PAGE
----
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Want to buy a home in these 22 states? You'll need a 6-figure income

It now takes an income of over $110,000 per year to buy the median home in the U.S., according to new data.
Want to buy a home in these 22 states? You'll need a 6-figure income
Posted at 9:07 AM, Apr 01, 2024

It's no secret that housing prices have gone up since 2020, and high interest rates have not helped matters. Now it appears the dream of owning a home is out of reach for many Americans. 

According to new data released Monday by Bankrate, it takes an income of over $100,000 to afford a typical home in 22 states. 

To afford a home, Bankrate says housing expenses should consist of no more than 28% of a person's gross income. Someone with $100,000 of income could afford a monthly housing payment of up to $2,333. 

According to Bankrate, the median cost for a home in January 2024 was $402,343, which is up by 46% compared to January 2020. To be able to afford a $402,343 home, it takes an income of $110,871, according to Bankrate. 

In January 2020, a $100,000 income was needed to buy the median home in five states – California, Hawaii, Massachusetts, New York and Washington. Four years later, a six-figure income was needed in 22 states: Arizona, California, Colorado, Connecticut, Florida, Hawaii, Idaho, Maryland, Massachusetts, Maine, Montana, Nevada, New Hampshire, New Jersey, New York, Oregon, Rhode Island, Texas, Utah, Vermont, Virginia and Washington.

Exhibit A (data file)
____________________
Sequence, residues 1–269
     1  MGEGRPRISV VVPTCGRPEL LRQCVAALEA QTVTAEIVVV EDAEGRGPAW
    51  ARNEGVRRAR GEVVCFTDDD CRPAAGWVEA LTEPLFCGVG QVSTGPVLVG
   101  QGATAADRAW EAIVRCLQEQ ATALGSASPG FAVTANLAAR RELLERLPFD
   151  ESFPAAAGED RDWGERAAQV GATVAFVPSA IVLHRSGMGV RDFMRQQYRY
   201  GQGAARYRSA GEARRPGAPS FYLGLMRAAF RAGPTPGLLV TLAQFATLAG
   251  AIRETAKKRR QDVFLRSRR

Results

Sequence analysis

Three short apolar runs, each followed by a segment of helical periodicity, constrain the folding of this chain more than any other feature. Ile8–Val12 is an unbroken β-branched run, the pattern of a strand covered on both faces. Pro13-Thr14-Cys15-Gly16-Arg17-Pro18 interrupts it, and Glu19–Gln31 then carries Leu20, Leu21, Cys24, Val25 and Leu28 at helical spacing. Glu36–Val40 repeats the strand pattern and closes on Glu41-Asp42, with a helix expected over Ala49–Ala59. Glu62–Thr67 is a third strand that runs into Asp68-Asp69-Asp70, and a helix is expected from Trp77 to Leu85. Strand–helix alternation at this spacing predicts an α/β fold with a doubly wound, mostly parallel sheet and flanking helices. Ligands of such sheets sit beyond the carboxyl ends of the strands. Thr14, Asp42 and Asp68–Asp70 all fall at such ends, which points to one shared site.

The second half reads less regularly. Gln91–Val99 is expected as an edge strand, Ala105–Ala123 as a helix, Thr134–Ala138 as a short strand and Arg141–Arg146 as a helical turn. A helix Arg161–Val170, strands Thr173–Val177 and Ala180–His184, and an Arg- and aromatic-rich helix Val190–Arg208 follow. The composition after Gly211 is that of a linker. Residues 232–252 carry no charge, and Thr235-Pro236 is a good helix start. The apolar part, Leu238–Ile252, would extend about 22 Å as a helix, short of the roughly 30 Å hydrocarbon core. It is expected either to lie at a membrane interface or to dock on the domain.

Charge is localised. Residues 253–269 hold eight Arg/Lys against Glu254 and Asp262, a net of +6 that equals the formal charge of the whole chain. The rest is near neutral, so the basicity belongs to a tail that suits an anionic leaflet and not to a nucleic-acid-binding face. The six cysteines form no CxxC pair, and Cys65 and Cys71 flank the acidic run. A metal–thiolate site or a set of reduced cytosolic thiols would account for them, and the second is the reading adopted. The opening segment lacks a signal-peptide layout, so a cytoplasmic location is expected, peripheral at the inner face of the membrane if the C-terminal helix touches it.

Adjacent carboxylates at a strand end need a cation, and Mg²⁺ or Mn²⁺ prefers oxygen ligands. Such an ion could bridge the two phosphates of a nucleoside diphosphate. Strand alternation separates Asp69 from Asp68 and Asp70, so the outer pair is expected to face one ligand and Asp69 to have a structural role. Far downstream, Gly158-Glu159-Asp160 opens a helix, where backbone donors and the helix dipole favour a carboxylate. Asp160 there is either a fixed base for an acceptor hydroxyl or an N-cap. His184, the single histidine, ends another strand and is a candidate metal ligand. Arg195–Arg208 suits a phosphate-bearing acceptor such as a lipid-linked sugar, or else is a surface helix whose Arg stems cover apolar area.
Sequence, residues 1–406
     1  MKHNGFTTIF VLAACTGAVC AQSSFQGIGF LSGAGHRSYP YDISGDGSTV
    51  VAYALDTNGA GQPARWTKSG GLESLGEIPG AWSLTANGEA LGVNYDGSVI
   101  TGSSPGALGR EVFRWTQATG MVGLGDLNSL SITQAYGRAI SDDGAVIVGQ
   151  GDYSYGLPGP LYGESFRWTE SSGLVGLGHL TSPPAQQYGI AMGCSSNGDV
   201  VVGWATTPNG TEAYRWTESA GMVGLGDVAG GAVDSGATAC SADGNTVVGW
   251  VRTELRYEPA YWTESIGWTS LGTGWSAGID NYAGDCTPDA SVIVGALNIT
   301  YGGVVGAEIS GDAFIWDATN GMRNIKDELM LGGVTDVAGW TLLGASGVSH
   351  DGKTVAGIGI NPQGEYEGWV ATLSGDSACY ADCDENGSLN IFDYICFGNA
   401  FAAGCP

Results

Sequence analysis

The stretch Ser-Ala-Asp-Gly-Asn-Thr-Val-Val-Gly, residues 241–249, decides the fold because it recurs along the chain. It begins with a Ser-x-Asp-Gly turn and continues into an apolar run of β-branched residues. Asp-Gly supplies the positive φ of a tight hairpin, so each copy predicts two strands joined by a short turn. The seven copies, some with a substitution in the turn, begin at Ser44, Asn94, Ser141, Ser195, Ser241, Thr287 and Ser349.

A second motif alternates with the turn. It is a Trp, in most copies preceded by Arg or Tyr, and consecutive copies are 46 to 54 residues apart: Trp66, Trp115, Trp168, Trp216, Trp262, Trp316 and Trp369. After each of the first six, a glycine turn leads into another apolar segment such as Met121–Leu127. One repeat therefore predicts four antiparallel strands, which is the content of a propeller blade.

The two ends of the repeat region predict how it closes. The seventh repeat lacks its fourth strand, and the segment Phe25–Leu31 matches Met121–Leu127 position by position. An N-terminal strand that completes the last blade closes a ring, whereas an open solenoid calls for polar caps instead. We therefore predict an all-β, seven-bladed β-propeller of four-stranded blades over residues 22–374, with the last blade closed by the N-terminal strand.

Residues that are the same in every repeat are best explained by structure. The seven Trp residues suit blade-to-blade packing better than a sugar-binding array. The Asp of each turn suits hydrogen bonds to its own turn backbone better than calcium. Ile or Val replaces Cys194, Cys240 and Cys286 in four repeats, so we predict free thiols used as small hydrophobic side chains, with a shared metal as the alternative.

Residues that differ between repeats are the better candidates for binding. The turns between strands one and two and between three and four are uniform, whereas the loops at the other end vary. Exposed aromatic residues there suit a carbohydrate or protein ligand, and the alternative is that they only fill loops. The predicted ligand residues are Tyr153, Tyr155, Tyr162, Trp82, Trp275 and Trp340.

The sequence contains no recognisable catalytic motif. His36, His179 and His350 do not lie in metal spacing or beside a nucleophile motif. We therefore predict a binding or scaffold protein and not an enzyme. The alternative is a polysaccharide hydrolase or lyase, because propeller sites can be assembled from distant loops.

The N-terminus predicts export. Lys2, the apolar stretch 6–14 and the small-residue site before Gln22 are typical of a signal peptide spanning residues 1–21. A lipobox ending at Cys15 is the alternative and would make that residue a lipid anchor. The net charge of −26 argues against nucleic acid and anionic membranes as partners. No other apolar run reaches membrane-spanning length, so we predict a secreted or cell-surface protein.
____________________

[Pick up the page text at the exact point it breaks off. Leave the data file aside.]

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The five states that require the lowest yearly income to buy a home are Mississippi, Ohio, Arkansas, Indiana and Kentucky. In Mississippi, $63,043 is how much annual income it takes to buy the median home. The median home in Mississippi sells for just over $228,000, according to Bankrate. That's compared to over $739,000 in California. 

Although prices are high, those wanting to buy a home should not wait in hopes of costs coming down, said Bankrate housing market analyst Jeff Ostrowski in a press release. 

"If you’re ready to buy, then buy. There’s no guarantee that the market will become more favorable for buyers. For instance, mortgage rates are expected to fall in 2024, and that means more buyers will be competing for homes," he said. 

The new data comes days after data from Redfin showed it takes an income of about $76,000 a year to afford a basic starter home in the U.S. as of February. Four years ago, the typical American needed just over $40,000 a year to afford a starter home. 

“The pandemic housing-market boom changed the definition of a starter home,” said Redfin senior economist Elijah de la Campa. “A decade ago, many people thought of a starter home as a small three-bedroom single-family house. Now that type of home could cost seven figures, especially in expensive parts of the country. The most affordable homes are much smaller and often require a lot of work to make them habitable — which makes them cost even more."

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